ii.    There’s plenty of things to research, like discoveries made about Pluto or Ceres, or even the actual diet eaten by Paleo man.
b.    When the house does sell, I expect we’ll take a couple days to tie up things here in Omaha, put the rest of our stuff in storage and then head for Florida, which will take 2-3 days. That might make it tough to get a blog posted that week.
                                               i.    I could write a ‘spare’ blog ahead of time. Then I could upload it and schedule it to post at the right time.
                                             ii.    Repeat for the week that we come back, get our stuff out of storage and take it down to Florida.
Hmm. When I started writing this, I was strongly leaning towards a hiatus. Now I’m leaning toward ‘growing a pair’. J And that tells me that I’ve enjoyed writing this post, that I miss writing, which is much more interesting than ‘the usual’ games have become.
I also just finished an editing job, which took lots of my ‘spare’ time. The subject of the book, however, made me depressed, so it’s a relief to have it done.

I’ll try for #B. The next time I feel like doing a tough Sudoku, or order my Tribez to get to work, I’ll open one of my incomplete manuscripts instead. Or see what’s new about Ceres. Cross your fingers that I’ll post something next Wednesday.

Thursday, September 8, 2016

A Tell of Caution

It’s easy enough to do. But just because you can do it, doesn’t mean you should do it. Especially when you are trying to establish yourself as an up-and-coming author.
I’m sure most working mothers know what I’m talking about: Spreading yourself too thin. Most working mothers are still expected to do (most, if not all of) the housework, get the groceries, do the cooking, take care of the kids, AND do their job. Even without adding any hobbies to help them stay sane, they are spread mighty thin. It gets to the point where you have to get sick, just to get some time to yourself.
Been there, done that.
When I took early retirement, I wanted my next ‘career’ to be ‘author’. I had been working at it for years. I had numerous short stories already written and polished, but none had found a home yet. I had a novel ready for submission, one in the polishing stage, and another drafted, besides several started, and many more ‘stewing’ in the back of my mind.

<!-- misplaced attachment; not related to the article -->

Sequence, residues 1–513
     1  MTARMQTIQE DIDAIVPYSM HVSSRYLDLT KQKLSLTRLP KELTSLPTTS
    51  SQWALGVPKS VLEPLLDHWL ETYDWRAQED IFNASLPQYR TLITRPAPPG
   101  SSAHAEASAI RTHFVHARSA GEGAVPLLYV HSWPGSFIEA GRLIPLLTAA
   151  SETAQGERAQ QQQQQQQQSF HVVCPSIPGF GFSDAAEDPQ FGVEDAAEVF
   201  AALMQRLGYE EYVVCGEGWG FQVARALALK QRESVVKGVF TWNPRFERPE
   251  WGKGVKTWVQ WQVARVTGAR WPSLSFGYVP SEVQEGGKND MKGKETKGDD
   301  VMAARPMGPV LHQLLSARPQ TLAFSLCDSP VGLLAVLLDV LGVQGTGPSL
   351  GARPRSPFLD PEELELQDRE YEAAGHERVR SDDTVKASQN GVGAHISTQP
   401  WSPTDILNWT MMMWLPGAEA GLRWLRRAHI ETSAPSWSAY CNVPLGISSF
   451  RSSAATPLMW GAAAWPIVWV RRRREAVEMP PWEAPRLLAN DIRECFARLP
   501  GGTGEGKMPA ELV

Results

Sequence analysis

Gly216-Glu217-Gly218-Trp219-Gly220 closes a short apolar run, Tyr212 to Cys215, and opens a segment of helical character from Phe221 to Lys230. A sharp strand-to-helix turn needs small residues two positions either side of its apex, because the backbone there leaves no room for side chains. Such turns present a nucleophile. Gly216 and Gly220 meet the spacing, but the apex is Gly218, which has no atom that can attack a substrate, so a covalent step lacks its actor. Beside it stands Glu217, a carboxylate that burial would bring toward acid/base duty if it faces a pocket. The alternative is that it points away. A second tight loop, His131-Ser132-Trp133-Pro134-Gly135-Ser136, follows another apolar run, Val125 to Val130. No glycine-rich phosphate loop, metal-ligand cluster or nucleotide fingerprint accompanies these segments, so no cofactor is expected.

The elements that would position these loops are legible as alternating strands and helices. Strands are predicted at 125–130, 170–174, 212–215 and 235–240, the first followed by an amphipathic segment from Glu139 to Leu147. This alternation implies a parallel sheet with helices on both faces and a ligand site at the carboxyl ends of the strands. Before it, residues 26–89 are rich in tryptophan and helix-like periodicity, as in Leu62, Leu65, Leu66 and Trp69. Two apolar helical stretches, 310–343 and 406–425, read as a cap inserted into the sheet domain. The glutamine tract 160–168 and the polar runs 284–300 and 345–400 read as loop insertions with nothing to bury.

But suddenly finding yourself without a job to go to can leave you floundering. Without thinking about it, I dithered through my days watching tv, surfing the net, half-heartedly doing aspects of house cleaning I had never bothered to do before. (BTW, I hate housekeeping. It never gets done!) I signed up for six or a dozen newsletters on writing, and more on ‘promoting your book’. Anything to keep from actually writing, it seemed.
I even hired myself out as a free-lance editor. I told myself I needed to do that; I no longer belonged to a writing critique group, and editing would give me a chance to recognize ‘problems’ and try to solve them. Yeah, I can find other people’s problem areas, but I’m not sure I’m any better at finding my own.
I started new hobbies, took classes on leatherworking, theatrical makeup and making prosthetics, photoshop and illustrator… you get the idea. I volunteered for a position with Broad Universe ( And because I was frustrated with my pace in the writing world, I started my own publishing company. Why not? It seems like everybody else is doing it.
Somewhere in there, when I wasn’t paying attention, I got thin. Not physically, although I have lost a few pounds. But in terms of energy, I have none. In terms of organization, that’s pretty sketchy. I start each day with breakfast, doing my Broad Universe chore, and checking through my (main) email account. After that…
I have a loooong list of Things To Do. And unfortunately, ‘writing’ is not very high on that list.
How can I be an author if I don’t write? Why are all these other things coming before ‘writing’? I’m juggling a multitude of activities, but what I really want isn’t even in the mix.

I think it’s time to snap back and not be so thin.